56 Continued… Anna falls asleep and dreams that her father is reading her a bedtime story about a war when the French invaded Russia (36-39). –Two generals, Hunger and Winter, argue about which one is better and all the damage they can do and all the people they can kill (36-38). –At the end they mention how none of this could be possible without the armies (38). –They decide to join forces and act together in order to kill more (39). The nex morning Koya´s friend, Mitya, comes over to play. A while later his mother comes over screaming to pick him up. She tells Anna that all the panick is due to the fact that the Germans had started to bomb them (40). Mitaya informs her that she won´t s able to sell her honey this year because she needs it all for her family. Anna realizes that she has to go out to town to buy food, if there is any left (42).

57 Analysis Foreshadowing that what is to come will be devastating. Foreshadowing that what is to come will be devastating. “if only she’d known at the time how important every detail of that evening was going to become.” (35) “if only she’d known at the time how important every detail of that evening was going to become.” (35) Mikhail feels depressed because his wife has passed on (36). Mikhail feels depressed because his wife has passed on (36). The war has started (40). The war has started (40).

58 Chapter six Written in diary format. Mikhail has no funds in the bank to buy food (45). Parents are sending their kids out of the city so they can be safe, but Mikhail refuses to do so because he is sure that something will inevitably go wrong and he doesn’t want Kolya to get stuck in the middle of it (45). People are disappearing and no one can talk about it and still be safe (45). People from apartment blocks have to stay lookout on fire-watch. Anna is the one in charge for their apartment block (46). People sleep in their cloths in case a raid happens in the middle of the night (46).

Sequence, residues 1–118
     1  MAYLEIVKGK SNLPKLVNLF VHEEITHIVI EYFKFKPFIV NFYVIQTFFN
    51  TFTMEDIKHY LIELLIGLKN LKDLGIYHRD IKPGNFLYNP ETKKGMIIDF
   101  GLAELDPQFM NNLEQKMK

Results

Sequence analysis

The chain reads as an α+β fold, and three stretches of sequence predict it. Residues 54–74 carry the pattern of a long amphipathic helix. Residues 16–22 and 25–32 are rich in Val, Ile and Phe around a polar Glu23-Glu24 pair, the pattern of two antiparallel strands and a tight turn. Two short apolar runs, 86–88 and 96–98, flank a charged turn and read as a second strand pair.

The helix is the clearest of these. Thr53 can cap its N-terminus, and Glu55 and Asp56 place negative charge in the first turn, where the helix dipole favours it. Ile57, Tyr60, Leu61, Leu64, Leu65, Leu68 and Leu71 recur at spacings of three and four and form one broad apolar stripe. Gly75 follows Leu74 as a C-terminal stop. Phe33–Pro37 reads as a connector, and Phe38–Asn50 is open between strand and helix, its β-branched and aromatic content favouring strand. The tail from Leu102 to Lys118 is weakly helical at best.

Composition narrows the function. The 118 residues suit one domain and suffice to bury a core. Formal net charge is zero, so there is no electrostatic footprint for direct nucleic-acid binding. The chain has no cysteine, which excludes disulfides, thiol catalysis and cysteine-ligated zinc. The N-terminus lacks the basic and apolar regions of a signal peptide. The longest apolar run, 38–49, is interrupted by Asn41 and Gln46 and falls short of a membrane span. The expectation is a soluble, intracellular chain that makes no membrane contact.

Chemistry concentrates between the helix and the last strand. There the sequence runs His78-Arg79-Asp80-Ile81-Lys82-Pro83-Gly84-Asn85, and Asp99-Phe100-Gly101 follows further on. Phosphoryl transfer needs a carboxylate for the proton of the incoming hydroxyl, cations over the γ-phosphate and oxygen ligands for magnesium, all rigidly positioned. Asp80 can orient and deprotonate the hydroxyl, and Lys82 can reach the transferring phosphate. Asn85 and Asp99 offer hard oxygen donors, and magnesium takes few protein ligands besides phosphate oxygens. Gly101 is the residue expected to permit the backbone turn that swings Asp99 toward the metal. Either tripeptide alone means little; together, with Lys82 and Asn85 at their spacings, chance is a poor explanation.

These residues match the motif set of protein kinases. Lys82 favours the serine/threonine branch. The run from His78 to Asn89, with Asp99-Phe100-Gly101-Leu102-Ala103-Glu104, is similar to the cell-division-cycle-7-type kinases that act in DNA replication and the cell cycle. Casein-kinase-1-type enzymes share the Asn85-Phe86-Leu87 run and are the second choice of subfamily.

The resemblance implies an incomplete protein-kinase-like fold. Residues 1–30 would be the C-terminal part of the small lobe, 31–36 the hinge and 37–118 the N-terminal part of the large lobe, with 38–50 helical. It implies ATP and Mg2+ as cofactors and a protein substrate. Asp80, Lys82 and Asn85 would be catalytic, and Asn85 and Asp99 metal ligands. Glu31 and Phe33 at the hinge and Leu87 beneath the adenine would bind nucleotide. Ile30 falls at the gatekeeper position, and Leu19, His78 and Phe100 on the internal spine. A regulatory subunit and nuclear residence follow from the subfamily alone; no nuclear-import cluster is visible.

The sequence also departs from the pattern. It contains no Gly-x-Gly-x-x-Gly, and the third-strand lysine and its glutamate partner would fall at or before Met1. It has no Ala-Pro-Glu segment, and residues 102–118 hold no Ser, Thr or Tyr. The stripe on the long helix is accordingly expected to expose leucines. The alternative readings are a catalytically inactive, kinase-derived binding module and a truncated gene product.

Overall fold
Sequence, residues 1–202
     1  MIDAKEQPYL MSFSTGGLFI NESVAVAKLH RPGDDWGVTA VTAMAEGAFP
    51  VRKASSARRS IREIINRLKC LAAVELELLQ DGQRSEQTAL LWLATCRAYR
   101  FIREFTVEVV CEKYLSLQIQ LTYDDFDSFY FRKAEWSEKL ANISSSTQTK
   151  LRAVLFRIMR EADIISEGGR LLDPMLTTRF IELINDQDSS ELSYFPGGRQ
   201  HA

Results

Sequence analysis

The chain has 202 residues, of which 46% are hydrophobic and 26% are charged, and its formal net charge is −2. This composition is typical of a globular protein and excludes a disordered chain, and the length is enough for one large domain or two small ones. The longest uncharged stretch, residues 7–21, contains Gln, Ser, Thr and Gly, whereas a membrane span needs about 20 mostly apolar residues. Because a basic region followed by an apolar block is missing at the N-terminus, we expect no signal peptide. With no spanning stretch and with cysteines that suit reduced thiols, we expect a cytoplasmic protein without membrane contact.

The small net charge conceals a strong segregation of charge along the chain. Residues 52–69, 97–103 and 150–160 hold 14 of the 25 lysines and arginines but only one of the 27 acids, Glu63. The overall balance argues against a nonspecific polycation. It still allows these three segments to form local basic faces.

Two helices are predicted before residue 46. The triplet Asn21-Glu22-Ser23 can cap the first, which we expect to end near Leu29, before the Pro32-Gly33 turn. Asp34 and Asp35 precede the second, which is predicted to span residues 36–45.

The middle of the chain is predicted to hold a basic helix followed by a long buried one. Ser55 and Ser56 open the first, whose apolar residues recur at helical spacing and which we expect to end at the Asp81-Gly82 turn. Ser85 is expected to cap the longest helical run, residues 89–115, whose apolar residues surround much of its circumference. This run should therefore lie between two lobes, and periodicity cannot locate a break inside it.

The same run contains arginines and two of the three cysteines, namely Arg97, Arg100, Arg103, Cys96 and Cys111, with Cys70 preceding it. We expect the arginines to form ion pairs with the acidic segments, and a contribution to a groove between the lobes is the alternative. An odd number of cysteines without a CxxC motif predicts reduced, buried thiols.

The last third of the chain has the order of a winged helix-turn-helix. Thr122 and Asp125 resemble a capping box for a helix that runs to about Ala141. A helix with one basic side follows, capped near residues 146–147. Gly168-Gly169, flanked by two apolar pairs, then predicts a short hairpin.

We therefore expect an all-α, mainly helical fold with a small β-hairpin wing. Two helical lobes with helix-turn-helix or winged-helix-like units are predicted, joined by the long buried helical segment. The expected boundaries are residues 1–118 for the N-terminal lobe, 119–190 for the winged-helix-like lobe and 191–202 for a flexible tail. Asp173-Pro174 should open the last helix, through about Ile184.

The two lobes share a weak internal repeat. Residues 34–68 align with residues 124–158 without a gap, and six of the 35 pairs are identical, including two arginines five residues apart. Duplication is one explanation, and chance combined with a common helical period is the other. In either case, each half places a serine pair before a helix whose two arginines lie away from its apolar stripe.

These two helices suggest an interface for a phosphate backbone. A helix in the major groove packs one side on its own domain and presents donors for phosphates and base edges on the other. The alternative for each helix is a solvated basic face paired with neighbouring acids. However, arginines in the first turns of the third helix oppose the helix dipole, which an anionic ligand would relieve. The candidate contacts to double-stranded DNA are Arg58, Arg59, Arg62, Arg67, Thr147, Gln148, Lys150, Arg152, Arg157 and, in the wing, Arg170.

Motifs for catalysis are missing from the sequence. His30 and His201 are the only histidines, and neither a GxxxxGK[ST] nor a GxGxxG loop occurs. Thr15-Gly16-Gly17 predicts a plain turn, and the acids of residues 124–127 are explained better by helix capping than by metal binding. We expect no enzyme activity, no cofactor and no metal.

59 Continued… No one knows what’s going on because nothing is going on. All they can do is wait, although it feels like nothing Is going to happen and that nothing will change (45). Mikhail walks through the city and it feels as if it was vulnerable to anything that going to happen. Like if need protection, the people’s protection (46). He remembers how Kutuzov drove back the Napoleon army along with the two generals Hunger and Winter. He felt like screaming out to the statue and asking what was their fate, but he couldn’t because the police was still around and watching, do they would arrest him if he acted like a insane person (46-47). When he gets home he tells Anna that he’s going to join the People’s Volunteers at the Luga Line. –The Luga Line is a huge tank-trap were they are to hold back the Germans (47).

60 Analysis There is so much desperation in the city, that Mikhail feels as if it was better that they didn’t have money in the bank so he wouldn’t be obliged to push every one out of the way and bang on the bank doors so they would open (44). There is so much desperation in the city, that Mikhail feels as if it was better that they didn’t have money in the bank so he wouldn’t be obliged to push every one out of the way and bang on the bank doors so they would open (44). Everyone is tense about the war, but nothing seems to happen. Everyone is tense about the war, but nothing seems to happen. Police still lurk the streets in search for anything that might be out of the ordinary. Police still lurk the streets in search for anything that might be out of the ordinary. The city longer feels fierce or proud, but vulnerable of what was to come. It was asking the people for protection (46). The city longer feels fierce or proud, but vulnerable of what was to come. It was asking the people for protection (46). People feel scared of the future, mostly because they don’t know what’s coming next. But at the same time they feel strength to protect their city. People feel scared of the future, mostly because they don’t know what’s coming next. But at the same time they feel strength to protect their city.